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Reflections of a working writer and reader

 

 

Five Questions: Steve Thorn Blog

1. Why do you blog?
You always hear aspiring authors lament about finding the time to write. I am happily married, have five children, work full-time and do freelance on the side, and I still find time to write. It’s usually in minutes that I can steal throughout the day, but I’m still writing. I wanted to share a little bit of what it’s like to still work on your dreams even when life is demanding your undivided attention. Also, there is that therapy that all writers use by getting their thoughts and emotions onto ‘paper’. I have used the blog to share experiences, brag about the family and show off some writing.

2. Which author and/or book has most influenced you?
Well, coming out of my teens I was given the works of Hunter S. Thompson and Charles Bukowski all at once. Those two became quite an influence on me for many years – and not necessarily for the better in certain aspects. But both of them were extremely gifted writers. For overall influence, I would have to note William Goldman. He is a very powerful and emotional author, truly a gifted fellow.

3. Which three blogs do you most visit?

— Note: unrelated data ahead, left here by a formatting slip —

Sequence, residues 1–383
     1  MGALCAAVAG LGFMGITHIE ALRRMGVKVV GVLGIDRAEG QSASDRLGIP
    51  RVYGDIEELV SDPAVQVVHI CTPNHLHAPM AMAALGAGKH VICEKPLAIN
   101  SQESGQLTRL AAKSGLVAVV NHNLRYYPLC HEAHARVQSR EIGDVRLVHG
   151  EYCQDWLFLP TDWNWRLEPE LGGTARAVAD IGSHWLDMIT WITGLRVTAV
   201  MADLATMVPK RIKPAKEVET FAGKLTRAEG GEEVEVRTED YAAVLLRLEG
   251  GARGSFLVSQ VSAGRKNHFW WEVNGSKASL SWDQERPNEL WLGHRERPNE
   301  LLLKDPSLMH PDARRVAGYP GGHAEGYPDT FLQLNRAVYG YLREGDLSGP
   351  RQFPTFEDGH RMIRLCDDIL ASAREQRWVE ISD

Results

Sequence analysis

Let’s see. I have to visit The Whatever daily – John Scalzi has a remarkable wit and is a fantastic writer. Neil Gaiman has an online journal that I have enjoyably read for a few years now. And for guilty pleasure alone, The Obscure Store for some of the craziest news headlines – proving forever more that reality is stranger than fiction.

http://whatever.scalzi.com/
http://journal.neilgaiman.com/
http://obscurestore.typepad.com/obscure_store_and_reading/

4. Why do you read fiction?
The old reasons still apply here, I read to escape. Not to escape from my own life but to escape into a different life. I have a wonderful life, true, but I still want to hear stories and tales of amazing places and amazing deeds. Over the years it has developed from the youthful excitement of jumping into a new world to admiring the craft involved and the emotions that can be brought forth through written words. I would suggest reading some Martin Cruz Smith to see how someone can truly make sentences into works of art.

5. What makes you laugh?
The genuine laughter of my wife and children makes me laugh. When you can see the ones you love laugh without censoring their actions, just plain old out-and-out belly-laughing, that is pure joy. And of course, watching something stupid or clumsy happen to someone else. Mel Brooks said it best: Tragedy is when I cut my finger. Comedy is when you walk into an open sewer and die.

Steve Thorn blogs at Steve Thorn Blog

One Response to “Five Questions: Steve Thorn Blog”

  1. Steve Thorn says:

    John, thanks for letting us all get into the mix with your Five Questions. There have been some great posts over the last few weeks.